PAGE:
Ventricular Assist Device (VAD)
Ventricular assist devices (VADs) provide a lifeline for children whose hearts don’t work properly on their own. Children’s Health has the only pediatric outpatient VAD program in North Texas and is a national leader in providing innovative VAD care.
What is a Ventricular Assist Device (VAD)?
VADs are mechanical devices that pump blood for children with heart failure. Doctors do surgery to implant the device in a child’s failing heart. The device has a power cable that exits through the child’s abdomen and connects to a portable battery pack.
Children need VADs because they have a heart defect or disease that prevents their heart from pumping enough blood. Most children get VADs while they prepare for heart transplant, but some keep their devices long-term.
VADs come in different sizes and designs. Currently, our team is trained to use seven different types, and the UT Southwestern physicians practicing at Children’s Health℠ often participate in studies of new devices to add to our program. This allows us to treat children of all ages.
What are the benefits of a Ventricular Assist Device (VAD)?
VADs can allow children who need a heart transplant to stay healthy and even return to normal life while they wait for a donor heart. Some children have their VADs for months or even years, and can get back to going to school, playing sports and participating in other normal childhood activities.
The Heart Failure program at Children’s Health℠ helps some children transition to life at home and school, which gives them the chance to rebuild their strength and be a kid again. To see if your child can go home with their VAD, talk to your child’s doctor.
What are the side effects of a Ventricular Assist Device (VAD)?
Children with VADs take blood thinning medicine to make it easier for the device to pump blood. The medicine can cause side effects, including nosebleeds. Our team provides you with guidelines for dealing with incidents like that. Some children with VADs feel pain in the shoulder or arm. This is because the VAD may irritate nerves in their chest or back that connect to other parts of the body. We can prescribe medications that help with this pain.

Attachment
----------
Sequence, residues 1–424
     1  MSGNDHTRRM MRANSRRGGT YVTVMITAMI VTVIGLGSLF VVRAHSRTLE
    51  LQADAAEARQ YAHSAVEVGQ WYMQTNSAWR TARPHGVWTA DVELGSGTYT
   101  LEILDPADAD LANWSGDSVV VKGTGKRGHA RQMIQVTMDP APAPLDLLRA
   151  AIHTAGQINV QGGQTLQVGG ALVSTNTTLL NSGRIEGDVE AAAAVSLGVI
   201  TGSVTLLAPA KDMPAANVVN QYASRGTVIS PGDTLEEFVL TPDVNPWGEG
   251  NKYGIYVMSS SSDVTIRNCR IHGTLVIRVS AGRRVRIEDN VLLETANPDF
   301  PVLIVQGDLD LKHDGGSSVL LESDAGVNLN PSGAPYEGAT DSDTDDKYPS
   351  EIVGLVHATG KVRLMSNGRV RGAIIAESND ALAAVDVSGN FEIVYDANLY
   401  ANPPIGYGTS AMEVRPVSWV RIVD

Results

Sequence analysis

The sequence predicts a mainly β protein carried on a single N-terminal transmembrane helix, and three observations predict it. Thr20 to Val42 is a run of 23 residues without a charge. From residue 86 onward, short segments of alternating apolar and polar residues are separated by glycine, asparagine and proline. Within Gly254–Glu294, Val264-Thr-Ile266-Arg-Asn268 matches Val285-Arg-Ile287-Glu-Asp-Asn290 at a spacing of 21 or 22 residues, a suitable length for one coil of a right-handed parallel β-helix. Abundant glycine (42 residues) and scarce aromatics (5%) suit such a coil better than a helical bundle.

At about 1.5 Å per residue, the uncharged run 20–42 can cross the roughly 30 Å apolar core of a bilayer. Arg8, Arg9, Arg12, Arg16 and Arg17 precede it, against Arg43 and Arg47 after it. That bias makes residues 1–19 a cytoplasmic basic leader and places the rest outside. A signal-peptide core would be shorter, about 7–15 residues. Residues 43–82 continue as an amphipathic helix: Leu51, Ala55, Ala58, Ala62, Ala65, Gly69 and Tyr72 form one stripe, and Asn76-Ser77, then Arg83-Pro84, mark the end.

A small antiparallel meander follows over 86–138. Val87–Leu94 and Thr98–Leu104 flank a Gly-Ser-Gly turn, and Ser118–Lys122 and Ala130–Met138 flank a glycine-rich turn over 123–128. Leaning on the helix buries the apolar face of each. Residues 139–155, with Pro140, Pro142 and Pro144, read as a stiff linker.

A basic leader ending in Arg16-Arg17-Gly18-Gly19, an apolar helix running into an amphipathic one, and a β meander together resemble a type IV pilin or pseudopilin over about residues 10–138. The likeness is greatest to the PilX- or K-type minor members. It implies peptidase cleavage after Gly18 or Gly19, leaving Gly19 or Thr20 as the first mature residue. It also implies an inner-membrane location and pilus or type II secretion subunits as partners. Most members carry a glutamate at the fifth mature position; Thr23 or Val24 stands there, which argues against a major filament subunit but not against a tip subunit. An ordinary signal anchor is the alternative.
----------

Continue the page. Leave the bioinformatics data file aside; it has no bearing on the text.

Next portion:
What are the risks of a Ventricular Assist Device (VAD)?
The most common risk is a skin infection where the power cable exits the body. To avoid this, we teach you and your child how to clean the area carefully.
In rare cases, children can experience a stroke. This can happen because their blood-thinning medicine causes bleeding in the brain, or because the medicine doesn’t work right and allows a clot to travel to the brain.
What are Children's Health's outcome metrics for Ventricular Assist Device (VAD)?
Our team has completed over 100 VAD surgeries. We provide 15-20 children with VADs every year. On average, these children have the same health outcomes as children with heart transplants.
What to expect with a Ventricular Assist Device (VAD)?
We provide complete inpatient and outpatient care for children with VADs.
What to expect before Ventricular Assist Device (VAD) surgery?
Many children get VADs soon after their heart problems develop. They come to the hospital with heart failure, and we have to treat it right away. We may try medication first, and monitor to see if they need other treatment. Or, we may schedule surgery immediately to give them a VAD.
What to expect during Ventricular Assist Device (VAD) surgery?
Implanting a VAD requires open-heart surgery. The procedure usually takes four to six hours. Afterward, your child will have a breathing tube and IV to give them medicine and nutrients. As soon as a child is ready after surgery, we remove the breathing tube and your child will start eating and drinking on their own.
What to expect after Ventricular Assist Device (VAD) surgery?
Your child will start rehabilitation as soon as possible after surgery. The type of rehab will depend on your child’s needs, but may include:
- Physical therapy, to regain strength and stability
- Occupational therapy, to get used to doing tasks and daily activities with their device
- Speech therapy, to manage issues with communication, eating or mental processing that may come up after surgery
We also give you and your child thorough education for operating and taking care of their device. That includes charging the battery pack, how to carry the pack in a shoulder bag or fanny pack, how to shower and other tasks.
About a month after surgery, children with certain types of VAD and signs of stable health can go home. To make sure you’re ready for that, we give caregivers more than 20 hours of special training and have you take a written test. You also spend a full day at the hospital being the sole caregiver, without help from nurses unless it’s necessary. These steps make sure you and your child understand the responsibilities that come along with having a VAD, including how to take the blood-thinning medicine and other prescriptions your child may have.
What questions should I ask my doctor about a Ventricular Assist Device (VAD)?
- How many VADs have you implanted in children?
- Which VADs are you trained in?
- Do you have an outpatient program for kids with VADs?
- What other treatment options does my child have?
Ventricular Assist Device (VAD) Doctors and Providers
Jake Jaquiss, MD Pediatric Cardiothoracic Surgeon
Nathanya Baez Hernandez, MD Pediatric Cardiologist
Maria Bano, MD Pediatric Cardiologist
Ryan Butts, MD Pediatric Cardiologist
Ryan Davies, MD Pediatric Cardiothoracic Surgeon
Javier Lasa, MD Pediatric Cardiologist and Critical Care Specialist
Jodie Lantz, APRN, CNS Clinical Nurse Specialist- Pediatric Transplant Medicine
Nelia Soares, APRN, PNP-AC/PC Nurse Practitioner - Pediatric Transplant Medicine